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Resolved, That the sum of one thousand dollars be, and it hereby is, appropriated for the purpose of disciplining the militia of the town, furnishing them with arms and equipments, and for the aid and equipment of such inhabitants of the town as shall engage in actual service in the militia of the Commonwealth, or of the United States.

Resolved, That a committee of five be appointed, who shall be authorized to expend a sum of one thousand dollars, or any part thereof as they shall deem advisable; and that they be authorized to expend thereof a sum not exceeding five hundred dollars, in furnishing arms, equipments, and military instruction to the militia of the town, under such rules and regulations as they may prescribe.

Resolved, That the town will pay to any inhabitant thereof, being a non-commissioned officer or private, who shall voluntarily engage in the service of the United States, the sum of five dollars per month in addition to the pay allowed by the Government, upon the production of a certificate from the aforesaid committee that he is an inhabitant, and of his said service, payable at such time as the committee shall deem proper.

It was then voted that Henry W. Taft, Albert Langdon, William Deming, Jr., William D. Sedgwick, and Luther S. Butler ‘be the aforesaid committee.’ An adjourned meeting was held on the 13th of May, at which the first resolution was amended ‘by inserting $2,000 instead of $1,000.’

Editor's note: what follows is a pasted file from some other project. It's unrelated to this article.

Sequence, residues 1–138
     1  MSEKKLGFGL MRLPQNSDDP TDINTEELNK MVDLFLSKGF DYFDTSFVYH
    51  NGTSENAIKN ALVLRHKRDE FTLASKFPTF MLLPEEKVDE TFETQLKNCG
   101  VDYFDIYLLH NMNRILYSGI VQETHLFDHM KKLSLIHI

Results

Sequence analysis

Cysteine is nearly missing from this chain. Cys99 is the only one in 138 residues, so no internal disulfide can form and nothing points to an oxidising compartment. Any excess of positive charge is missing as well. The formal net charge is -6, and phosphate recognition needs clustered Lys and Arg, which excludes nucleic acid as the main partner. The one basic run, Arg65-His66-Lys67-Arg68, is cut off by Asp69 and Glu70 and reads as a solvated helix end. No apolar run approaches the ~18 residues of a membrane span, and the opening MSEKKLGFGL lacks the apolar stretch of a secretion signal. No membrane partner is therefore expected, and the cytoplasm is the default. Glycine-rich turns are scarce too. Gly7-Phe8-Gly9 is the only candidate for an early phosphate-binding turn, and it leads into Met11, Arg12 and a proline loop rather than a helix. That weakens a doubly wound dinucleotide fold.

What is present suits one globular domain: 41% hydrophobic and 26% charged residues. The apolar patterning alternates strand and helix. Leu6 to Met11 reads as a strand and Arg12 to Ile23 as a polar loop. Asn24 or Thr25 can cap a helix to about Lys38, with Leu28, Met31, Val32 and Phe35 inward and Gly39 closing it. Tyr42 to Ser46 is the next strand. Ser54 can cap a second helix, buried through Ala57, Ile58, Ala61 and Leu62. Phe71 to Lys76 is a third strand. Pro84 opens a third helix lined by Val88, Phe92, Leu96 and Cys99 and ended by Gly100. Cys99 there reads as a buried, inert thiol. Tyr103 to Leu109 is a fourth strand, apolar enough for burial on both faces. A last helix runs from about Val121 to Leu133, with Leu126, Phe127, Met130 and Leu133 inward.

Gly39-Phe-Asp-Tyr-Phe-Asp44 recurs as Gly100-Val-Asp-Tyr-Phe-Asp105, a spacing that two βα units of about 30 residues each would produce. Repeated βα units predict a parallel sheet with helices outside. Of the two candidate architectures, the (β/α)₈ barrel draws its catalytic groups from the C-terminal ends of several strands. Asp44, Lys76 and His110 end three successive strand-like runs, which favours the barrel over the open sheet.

1862. At a legal meeting held on the 3d of March, five hundred dollars were appropriated for the payment of State aid to the families of soldiers. On the 22d of July the town voted to pay a bounty of one hundred dollars to each of eighteen men who would volunteer for three years in the military service to fill the quota of the town, the bounty to be paid when mustered in and credited; and Albert Langdon, James H. Collins, David E. Bangs, and Chauncey Sears were appointed to assist the selectmen in recruiting the volunteers. At a meeting held on the 25th of August, it was voted to pay the same amount of bounty to volunteers enlisting to fill the quota of the town on the call for nine-months men. The selectmen were authorized to borrow, not exceeding thirty-five hundred dollars, for the payment of bounties and for State aid.

1863. On ‘the first Monday in April’ the town appropriated fifteen hundred dollars for State aid to soldiers' families.

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